The Parc de la Mar is a large area at the foot of the medieval walls in front of Palma’s famous Cathedral.

A large saltwater lake was created in the 1970s and reflects the sea that once used to reach all the way to the city walls. It was pushed back for the construction of the Llevant expressway.

The scenic park has a very relaxed atmosphere and has therefore developed into one of the most frequented leisure areas for locals and visitors alike.

It is a popular venue for festivals, events, and an open-air cinema.

Parc del Mar in Palma de Mallorca
There are many amazing sculptures at the Parc del Mar like this one by Uruguayan artist Enrique Broglia called Hacia el Sur, hence, southwards.

Obviously, Parc de la Mar is one of the best places to admire and photograph the cathedral from different angles.

The bronze sculpture Usagi Kannon by Swiss-Japanese artist Leiko Ikemura at the Parc de la Mar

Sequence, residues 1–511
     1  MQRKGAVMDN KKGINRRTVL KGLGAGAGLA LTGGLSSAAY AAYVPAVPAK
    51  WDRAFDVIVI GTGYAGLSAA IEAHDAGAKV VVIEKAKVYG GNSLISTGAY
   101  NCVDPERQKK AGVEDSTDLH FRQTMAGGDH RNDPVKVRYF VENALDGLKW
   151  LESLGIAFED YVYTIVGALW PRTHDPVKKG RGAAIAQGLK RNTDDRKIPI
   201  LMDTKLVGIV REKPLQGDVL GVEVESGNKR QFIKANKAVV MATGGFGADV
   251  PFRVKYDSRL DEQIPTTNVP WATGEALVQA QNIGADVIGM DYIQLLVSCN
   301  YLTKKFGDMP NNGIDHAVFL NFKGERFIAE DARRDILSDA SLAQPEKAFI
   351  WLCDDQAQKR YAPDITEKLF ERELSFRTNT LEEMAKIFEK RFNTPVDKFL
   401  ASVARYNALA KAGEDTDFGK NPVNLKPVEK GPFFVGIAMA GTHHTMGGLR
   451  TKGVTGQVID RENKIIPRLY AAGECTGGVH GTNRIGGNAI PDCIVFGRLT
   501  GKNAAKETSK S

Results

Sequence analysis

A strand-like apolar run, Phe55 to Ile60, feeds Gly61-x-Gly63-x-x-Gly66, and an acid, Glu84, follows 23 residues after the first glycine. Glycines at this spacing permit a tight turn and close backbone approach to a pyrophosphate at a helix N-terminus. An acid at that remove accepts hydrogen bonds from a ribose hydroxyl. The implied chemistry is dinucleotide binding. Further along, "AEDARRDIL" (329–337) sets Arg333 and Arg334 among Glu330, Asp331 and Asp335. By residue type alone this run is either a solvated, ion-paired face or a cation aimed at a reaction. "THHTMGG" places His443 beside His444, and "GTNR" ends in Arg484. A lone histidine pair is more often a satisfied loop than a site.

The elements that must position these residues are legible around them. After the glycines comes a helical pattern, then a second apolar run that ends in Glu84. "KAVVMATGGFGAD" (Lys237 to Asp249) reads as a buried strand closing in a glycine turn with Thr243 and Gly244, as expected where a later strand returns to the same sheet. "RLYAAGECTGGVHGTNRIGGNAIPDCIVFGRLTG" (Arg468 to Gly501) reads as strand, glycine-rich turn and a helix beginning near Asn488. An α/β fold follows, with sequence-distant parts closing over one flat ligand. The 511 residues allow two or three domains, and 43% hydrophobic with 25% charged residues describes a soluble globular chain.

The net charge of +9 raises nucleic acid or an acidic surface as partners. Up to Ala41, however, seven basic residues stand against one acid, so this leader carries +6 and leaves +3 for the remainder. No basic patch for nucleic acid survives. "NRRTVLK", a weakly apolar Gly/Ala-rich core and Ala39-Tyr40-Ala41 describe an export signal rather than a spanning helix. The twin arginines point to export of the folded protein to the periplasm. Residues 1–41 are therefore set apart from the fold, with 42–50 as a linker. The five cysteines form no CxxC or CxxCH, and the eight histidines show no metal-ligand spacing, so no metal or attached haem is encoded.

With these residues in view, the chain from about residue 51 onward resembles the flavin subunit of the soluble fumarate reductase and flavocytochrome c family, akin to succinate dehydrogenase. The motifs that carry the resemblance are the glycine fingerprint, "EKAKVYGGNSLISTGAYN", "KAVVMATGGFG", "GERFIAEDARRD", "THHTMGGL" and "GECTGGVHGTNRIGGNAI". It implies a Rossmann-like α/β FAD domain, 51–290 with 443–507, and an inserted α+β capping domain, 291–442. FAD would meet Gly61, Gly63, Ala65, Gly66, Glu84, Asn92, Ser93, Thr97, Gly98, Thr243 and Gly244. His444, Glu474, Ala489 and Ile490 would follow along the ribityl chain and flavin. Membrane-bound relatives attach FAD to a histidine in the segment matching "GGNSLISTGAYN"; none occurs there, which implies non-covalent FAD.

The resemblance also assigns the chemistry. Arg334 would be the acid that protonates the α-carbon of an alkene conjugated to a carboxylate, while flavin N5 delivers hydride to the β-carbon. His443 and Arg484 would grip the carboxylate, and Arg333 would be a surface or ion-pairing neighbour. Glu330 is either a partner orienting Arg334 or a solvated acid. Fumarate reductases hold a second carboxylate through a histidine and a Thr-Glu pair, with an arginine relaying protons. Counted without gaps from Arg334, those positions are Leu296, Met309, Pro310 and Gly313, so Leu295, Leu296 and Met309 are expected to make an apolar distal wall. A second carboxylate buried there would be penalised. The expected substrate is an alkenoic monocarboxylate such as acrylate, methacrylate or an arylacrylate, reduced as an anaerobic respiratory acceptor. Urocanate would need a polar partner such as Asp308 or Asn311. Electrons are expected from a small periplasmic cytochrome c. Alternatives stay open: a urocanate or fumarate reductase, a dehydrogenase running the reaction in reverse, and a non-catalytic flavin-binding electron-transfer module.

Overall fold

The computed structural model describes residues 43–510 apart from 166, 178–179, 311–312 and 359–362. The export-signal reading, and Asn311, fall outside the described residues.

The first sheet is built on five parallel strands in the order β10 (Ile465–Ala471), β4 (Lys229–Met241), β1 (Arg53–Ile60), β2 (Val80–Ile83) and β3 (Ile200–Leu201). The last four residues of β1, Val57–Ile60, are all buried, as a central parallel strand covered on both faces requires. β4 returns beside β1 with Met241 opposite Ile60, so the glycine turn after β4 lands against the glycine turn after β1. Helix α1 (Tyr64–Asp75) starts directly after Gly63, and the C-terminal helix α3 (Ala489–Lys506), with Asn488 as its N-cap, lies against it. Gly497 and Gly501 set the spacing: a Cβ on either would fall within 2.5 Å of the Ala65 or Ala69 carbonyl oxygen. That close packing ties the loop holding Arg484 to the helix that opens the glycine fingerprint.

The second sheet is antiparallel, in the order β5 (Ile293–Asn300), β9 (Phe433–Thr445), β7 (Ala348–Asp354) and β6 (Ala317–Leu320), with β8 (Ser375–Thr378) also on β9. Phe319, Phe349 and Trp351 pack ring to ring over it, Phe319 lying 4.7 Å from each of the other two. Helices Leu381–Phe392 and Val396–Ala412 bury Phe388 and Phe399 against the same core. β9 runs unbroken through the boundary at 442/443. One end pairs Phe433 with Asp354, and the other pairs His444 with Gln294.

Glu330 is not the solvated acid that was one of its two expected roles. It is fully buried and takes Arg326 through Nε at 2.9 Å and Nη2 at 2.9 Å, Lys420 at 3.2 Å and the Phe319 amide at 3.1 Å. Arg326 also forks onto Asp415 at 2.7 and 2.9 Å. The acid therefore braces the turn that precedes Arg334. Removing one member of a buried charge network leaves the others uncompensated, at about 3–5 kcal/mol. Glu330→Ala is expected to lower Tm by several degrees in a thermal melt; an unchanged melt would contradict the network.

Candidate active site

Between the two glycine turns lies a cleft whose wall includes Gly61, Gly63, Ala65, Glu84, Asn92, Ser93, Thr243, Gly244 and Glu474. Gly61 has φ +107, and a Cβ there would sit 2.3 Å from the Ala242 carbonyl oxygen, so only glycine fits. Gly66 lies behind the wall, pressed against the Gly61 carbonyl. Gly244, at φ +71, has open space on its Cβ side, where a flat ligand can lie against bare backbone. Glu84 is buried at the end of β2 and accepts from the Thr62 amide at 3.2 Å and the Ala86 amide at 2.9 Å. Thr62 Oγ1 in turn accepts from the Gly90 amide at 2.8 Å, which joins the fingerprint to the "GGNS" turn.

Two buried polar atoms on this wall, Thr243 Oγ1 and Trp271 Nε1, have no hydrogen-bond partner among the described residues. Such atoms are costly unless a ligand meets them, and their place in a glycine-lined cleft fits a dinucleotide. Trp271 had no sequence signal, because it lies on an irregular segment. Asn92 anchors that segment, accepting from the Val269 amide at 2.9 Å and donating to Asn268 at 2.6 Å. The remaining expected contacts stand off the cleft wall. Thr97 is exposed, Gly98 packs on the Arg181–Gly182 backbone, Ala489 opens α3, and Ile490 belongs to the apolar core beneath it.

The bronze sculpture Usagi Kannon by Swiss-Japanese artist Leiko Ikemura decorates the Parc de la Mar until August 2021.

Also, there are inspiring modern sculptures, and at the far end, you will find spacious lawns and a children’s playground.

Basílica de Santa María en Palma

The Basílica de Santa María en Palma is the episcopal church of the Diocese of Mallorca and Palma’s most famous landmark. It is often referred to as La Seu.

 Basílica de Santa María en Palma
Impressive Gothic structures.

Interestingly, King Jaume I began building an Islamic mosque on the site after the liberation from the Moors. Under his son Jaume II, the actual construction of the cathedral began in 1306. It also served as a mausoleum for the Mallorcan royal family, hence Jaume II and III are buried here.